Perhaps nobody has profited quite so handsomely from the college sports arms race as the top coaches in NCAA football and basketball, who routinely pull down seven-figure paydays.
But who knew that these were boom times for golf and tennis coaches too?
The American Association of University Professors is out with its latest annual report on the economic health of its members’ profession. Executive summary: It’s pretty weak. But this year, the AAUP has added a fun little wrinkle by comparing the growth of academic and sports spending. Particularly intriguing is this chart contrasting pay growth for faculty and head coaches. In the top football and basketball divisions, the median inflation-adjusted pay for head coaches roughly doubled between 2005-06 and 2011-12. But coaches in minor sports didn’t do so badly either: In D1-AA golf and tennis, pay packages grew by 79 and 53 percent, respectively. Meanwhile, even at doctoral institutions (shown here as category I), professors only managed a 4 percent real raise over that time.
It’s no mystery why pay has skyrocketed in basketball and football: Those are the money sports. They’re often, though by no means always, profitable, and they bring the most exposure through TV. So the competition to hire and keep competent coaching talent is intense. But golf and tennis are traditionally financial sinkholes (albeit small ones). Unless you’re trying to cater to prep school types—and some colleges, of course, are—there isn’t much percentage in maintaining an elite golf or tennis program, and thus the race to snap up the best coaches should, theoretically, be less intense. It seems safe to assume that the rising tide of athletic spending is simply lifting all boats.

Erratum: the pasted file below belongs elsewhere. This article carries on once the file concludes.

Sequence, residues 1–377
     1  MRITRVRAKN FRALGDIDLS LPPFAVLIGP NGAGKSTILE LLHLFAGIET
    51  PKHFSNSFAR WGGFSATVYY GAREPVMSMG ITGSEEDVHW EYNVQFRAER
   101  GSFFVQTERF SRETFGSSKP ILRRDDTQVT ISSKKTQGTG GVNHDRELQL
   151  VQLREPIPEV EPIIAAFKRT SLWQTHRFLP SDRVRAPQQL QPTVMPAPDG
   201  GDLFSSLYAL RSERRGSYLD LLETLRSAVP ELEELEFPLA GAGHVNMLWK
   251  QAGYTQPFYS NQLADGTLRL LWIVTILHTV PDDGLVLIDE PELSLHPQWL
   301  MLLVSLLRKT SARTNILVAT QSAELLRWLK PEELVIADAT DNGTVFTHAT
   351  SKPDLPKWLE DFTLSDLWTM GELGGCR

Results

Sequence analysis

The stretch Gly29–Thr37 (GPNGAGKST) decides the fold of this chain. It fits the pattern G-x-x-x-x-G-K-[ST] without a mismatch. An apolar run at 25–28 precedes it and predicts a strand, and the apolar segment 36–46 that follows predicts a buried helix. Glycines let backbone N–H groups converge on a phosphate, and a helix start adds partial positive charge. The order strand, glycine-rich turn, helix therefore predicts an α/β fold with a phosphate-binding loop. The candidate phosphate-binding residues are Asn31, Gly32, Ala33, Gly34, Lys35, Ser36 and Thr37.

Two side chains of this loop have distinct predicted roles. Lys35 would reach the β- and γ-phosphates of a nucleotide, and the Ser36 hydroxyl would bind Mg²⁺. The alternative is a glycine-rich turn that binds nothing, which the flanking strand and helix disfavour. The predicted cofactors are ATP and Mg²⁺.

That said, this chart is being a tiny bit unfair by juxtaposing the profs and jocks. On any given campus, there will be far more full professors than head coaches. That means a relatively small increase in faculty pay, distributed across a whole institution, would add up quickly. Second, the report is comparing the biggest stars from one field (the head coaches) to a slightly dimmer, much larger mass of talent from another (the academics). It would be interesting to see what this chart would look like if the professors were just represented by the highest paid faculty member of each department. I doubt they would suddenly pull into the lead, but their raises might seem a little less picayune.